In 2021, MLSE Foundation launched the Change the Game Campaign and its namesake research project - the largest youth sport study in Canada. One year later, Change the Game 2.0 was launched following the removal of most COVID-19-related restrictions on sport in the province of Ontario, Canada.
In collaboration with Dr. Simon Darnell, Director of the University of Toronto Centre for Sport Policy Studies, and an Advisory team of sport industry, research, and community-based experts, an online survey of youth (aged 6-29) and their parents/guardians was conducted. The purpose of the study was to better understand the current state of sport and Sport For Development offerings in Ontario and to explore consistent themes of access, engagement, and equity for youth in sport alongside a 2022 sub-focus on mental health and belonging.
Change the Game 2.0 Research Study:
Change the Culture, Change the Game.
For all questions, study info, and collaboration interest, please email Bryan Heal, Social Impact Research Lead, at email@example.com
PAST RESEARCH PROJECTS
Increasing physical literacy in youth: A two-week Sport for Development program for children aged 6-10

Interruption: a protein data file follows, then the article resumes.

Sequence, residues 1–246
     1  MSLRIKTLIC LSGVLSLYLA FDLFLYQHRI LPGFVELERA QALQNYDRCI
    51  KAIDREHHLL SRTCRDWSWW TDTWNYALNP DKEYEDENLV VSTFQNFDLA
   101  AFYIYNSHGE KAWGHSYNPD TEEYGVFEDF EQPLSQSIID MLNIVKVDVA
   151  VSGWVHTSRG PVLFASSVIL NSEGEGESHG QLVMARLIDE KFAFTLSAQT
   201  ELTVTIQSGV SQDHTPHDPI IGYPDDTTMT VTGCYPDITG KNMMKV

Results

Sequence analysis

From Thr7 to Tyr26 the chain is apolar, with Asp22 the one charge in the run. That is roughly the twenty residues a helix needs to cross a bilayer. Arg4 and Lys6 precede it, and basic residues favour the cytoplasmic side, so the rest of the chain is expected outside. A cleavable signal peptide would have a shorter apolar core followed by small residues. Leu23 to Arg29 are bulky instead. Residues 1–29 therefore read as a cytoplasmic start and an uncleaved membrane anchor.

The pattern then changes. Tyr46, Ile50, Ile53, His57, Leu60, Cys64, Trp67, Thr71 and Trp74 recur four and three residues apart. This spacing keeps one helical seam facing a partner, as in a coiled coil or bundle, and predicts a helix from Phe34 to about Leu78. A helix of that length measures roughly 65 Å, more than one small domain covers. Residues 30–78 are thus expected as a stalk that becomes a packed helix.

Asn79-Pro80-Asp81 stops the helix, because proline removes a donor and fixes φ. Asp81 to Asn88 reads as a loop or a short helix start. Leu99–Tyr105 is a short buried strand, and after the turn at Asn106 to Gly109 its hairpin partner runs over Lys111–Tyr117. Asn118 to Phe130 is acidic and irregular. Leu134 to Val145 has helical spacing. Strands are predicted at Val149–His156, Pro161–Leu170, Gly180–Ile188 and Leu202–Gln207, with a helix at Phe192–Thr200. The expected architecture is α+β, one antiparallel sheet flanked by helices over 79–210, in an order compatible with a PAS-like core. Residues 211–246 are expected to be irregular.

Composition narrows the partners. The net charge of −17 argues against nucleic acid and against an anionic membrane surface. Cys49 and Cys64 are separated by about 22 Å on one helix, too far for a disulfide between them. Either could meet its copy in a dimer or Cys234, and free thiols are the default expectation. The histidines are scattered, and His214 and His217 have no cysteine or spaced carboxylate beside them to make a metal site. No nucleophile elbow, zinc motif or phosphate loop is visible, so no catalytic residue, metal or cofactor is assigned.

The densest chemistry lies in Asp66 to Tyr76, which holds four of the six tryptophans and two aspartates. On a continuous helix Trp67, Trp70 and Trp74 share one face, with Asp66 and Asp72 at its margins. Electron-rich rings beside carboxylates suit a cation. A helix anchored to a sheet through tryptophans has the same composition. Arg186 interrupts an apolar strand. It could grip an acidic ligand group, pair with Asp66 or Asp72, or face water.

This paper presents initial evidence that an intentionally designed two-week SFD day camp program successfully increased PL among youth facing barriers in a North American urban context, and explores the methodology used to teach and evaluate PL at a community-based SFD facility.
A study protocol for a 2-year longitudinal study of positive youth development at an urban sport for development facility
This paper outlines the study protocol measuring impact of an urban Sport for Development facility on positive youth development in youth facing barriers.
CHANGE THE GAME RESEARCH STUDY. A STUDY FOCUSED ON YOUTH SPORT ACCESS, ENGAGEMENT, AND EQUITY FACTORS IN THE WAKE OF THE PANDEMIC
Between March-May of 2021, MLSE Foundation and the University of Toronto engaged almost 7000 youth to understand sport and play-related access, barriers, and equity factors in the wake of the pandemic. Participants were representatively diverse according to race, geography, age, gender, ability and income, and the results were clear.